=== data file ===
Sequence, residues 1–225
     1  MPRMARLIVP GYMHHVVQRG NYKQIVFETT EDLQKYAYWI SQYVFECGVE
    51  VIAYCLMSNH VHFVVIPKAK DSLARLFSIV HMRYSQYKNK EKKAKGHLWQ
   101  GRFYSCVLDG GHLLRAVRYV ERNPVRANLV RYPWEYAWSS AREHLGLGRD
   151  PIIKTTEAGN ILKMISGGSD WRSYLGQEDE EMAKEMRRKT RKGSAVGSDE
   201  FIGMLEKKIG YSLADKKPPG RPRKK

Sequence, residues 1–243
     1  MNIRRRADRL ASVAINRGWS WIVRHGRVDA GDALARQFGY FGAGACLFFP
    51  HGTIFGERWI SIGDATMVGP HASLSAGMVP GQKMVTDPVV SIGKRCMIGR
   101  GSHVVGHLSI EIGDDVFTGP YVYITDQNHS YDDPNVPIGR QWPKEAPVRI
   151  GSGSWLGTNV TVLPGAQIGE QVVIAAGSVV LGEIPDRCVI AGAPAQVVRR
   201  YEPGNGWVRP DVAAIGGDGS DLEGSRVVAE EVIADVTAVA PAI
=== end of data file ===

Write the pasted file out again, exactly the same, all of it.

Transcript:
Sequence, residues 1–225
     1  MPRMARLIVP GYMHHVVQRG NYKQIVFETT EDLQKYAYWI SQYVFECGVE
    51  VIAYCLMSNH VHFVVIPKAK DSLARLFSIV HMRYSQYKNK EKKAKGHLWQ
   101  GRFYSCVLDG GHLLRAVRYV ERNPVRANLV RYPWEYAWSS AREHLGLGRD
   151  PIIKTTEAGN ILKMISGGSD WRSYLGQEDE EMAKEMRRKT RKGSAVGSDE
   201  FIGMLEKKIG YSLADKKPPG RPRKK

Sequence, residues 1–243
     1  MNIRRRADRL ASVAINRGWS WIVRHGRVDA GDALARQFGY FGAGACLFFP
    51  HGTIFGERWI SIGDATMVGP HASLSAGMVP GQKMVTDPVV SIGKRCMIGR
   101  GSHVVGHLSI EIGDDVFTGP YVYITDQNHS YDDPNVPIGR QWPKEAPVRI
   151  GSGSWLGTNV TVLPGAQIGE QVVIAAGSVV LGEIPDRCVI AGAPAQVVRR
   201  YEPGNGWVRP DVAAIGGDGS DLEGSRVVAE EVIADVTAVA PAI